Lesser celandine, Ranuculus ficaria syn Ficaria verna, Grán Arcáin in Irish or ‘Piglet’s Grain’. One of the first flowers of the Spring, they are appearing at the edges of paths, besides streams, damp areas, on roadsides and beside hedgerows all over the country. They are very widespread and often go unnoticed, they are low-growing, up to 5 cm in height at most and appear from February to May in Ireland. Members of the buttercup family, lesser celandine is a perennial, with beautiful shiny star-like flowers with a 2- 3 cm diameter, that have 8 to 12 petals, which open in the sunshine, and heart-shaped glossy leaves. They can form continuous carpeting in the shade such as woodland. Lesser celandine are indicators of ancient woodland sites, along with bluebells, wood anemones and primroses.
The flowers provide an important nectar source for queen bumblebees and other insects emerging from hibernation. This also helps with it’s own pollination
Wordsworth wrote poems about lesser celandine
This is from “The little Celandine”
There is a flower, the lesser Celandine,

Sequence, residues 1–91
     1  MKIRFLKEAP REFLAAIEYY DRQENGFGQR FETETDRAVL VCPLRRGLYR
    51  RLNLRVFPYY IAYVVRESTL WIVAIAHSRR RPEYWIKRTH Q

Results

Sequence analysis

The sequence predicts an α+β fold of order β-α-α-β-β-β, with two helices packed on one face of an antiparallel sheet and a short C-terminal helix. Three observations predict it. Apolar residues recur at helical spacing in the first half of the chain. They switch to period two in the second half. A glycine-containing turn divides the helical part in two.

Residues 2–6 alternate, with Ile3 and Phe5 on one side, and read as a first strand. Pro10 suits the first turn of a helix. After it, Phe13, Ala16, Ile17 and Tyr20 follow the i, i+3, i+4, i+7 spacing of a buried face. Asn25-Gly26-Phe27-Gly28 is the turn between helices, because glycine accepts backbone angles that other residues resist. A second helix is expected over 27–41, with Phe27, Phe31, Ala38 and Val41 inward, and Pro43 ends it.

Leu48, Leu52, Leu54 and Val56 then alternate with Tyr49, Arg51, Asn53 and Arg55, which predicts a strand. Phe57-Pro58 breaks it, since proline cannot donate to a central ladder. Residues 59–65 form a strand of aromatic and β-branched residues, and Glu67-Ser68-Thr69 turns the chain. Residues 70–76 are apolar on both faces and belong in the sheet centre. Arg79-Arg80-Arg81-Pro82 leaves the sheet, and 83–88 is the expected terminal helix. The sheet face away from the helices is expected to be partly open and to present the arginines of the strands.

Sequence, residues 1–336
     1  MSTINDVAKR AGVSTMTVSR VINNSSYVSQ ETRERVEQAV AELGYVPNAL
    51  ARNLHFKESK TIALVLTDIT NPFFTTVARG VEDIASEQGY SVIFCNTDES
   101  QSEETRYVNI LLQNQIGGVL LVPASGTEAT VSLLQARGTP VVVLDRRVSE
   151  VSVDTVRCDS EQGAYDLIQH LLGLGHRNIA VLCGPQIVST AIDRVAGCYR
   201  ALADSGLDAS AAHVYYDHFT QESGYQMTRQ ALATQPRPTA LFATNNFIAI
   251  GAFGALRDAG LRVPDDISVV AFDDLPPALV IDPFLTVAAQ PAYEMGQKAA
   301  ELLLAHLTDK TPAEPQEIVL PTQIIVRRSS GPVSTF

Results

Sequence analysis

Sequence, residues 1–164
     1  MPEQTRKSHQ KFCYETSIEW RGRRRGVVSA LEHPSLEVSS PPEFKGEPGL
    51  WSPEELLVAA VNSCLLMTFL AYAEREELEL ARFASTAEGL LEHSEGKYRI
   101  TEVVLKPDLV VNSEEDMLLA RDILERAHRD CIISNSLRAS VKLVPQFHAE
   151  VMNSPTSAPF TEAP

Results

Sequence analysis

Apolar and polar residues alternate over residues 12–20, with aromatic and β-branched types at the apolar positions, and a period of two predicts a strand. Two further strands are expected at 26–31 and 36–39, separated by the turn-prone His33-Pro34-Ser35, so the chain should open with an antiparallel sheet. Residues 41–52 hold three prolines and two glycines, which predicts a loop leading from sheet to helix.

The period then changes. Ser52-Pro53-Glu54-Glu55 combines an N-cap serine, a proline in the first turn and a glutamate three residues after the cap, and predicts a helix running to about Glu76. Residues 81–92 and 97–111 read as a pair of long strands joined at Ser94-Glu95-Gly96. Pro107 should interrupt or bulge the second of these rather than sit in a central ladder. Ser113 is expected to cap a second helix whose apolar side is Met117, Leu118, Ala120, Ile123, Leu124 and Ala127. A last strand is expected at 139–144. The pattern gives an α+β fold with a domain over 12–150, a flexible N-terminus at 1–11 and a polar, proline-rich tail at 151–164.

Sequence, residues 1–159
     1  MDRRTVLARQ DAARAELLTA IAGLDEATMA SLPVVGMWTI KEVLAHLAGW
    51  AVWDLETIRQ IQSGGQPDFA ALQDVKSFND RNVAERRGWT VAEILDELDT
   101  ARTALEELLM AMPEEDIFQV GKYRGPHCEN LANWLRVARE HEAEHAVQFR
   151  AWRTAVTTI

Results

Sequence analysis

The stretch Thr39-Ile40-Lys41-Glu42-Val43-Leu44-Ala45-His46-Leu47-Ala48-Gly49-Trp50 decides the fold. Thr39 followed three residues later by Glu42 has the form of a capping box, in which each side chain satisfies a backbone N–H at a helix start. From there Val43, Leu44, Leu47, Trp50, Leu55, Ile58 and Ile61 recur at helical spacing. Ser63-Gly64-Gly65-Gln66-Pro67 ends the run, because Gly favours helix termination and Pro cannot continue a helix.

That shrinks, like many more, from cold and rain,
And, the first moment that the sun may shine,
Bright as the sun himself, ’tis out again!
And from “To the small celandine”
To the small celandine
Pansies, Lilies, Kingcups, Daisies,
Let them live upon their praises;
Long as there’s a sun that sets
Primroses will have their glory;
Long as there are Violets,
They will have a place in story:
There’s a flower that shall be mine,
‘Tis the little Celandine.
It is the only one of the buttercup family that can be used safely as an herb externally. It is not advised to take it internally as it can be potentially toxic, although foragers do pick young leaves to use cooked. They contain protoanemonin, levels of which increase as the season progresses. In olden times young leaves were collected as a remedy for scurvy as they also contain high levels of Vitamin C.
The root system has fibrous roots and small tubers which look like haemorrhoids earning it’s other name, pilewort. It is an old, effective and still used remedy for haemorrhoids. The whole plant can be used to make an ointment for the condition. As it is soothing and toning such an ointment is also very useful for varicose veins. To make an ointment collect the overground plant, cover with olive oil in a saucepan, simmer for 15-20 minutes, strain out the plant material and return the oil to the plant after measuring it. For every 100 ml add 10 g beeswax or 5 g candelilla wax, then stir on a low heat until the wax is melted. Pour into jars and put on lids when ointment is set (Seal and Seal, Wayside Medicine, pp115, 2017).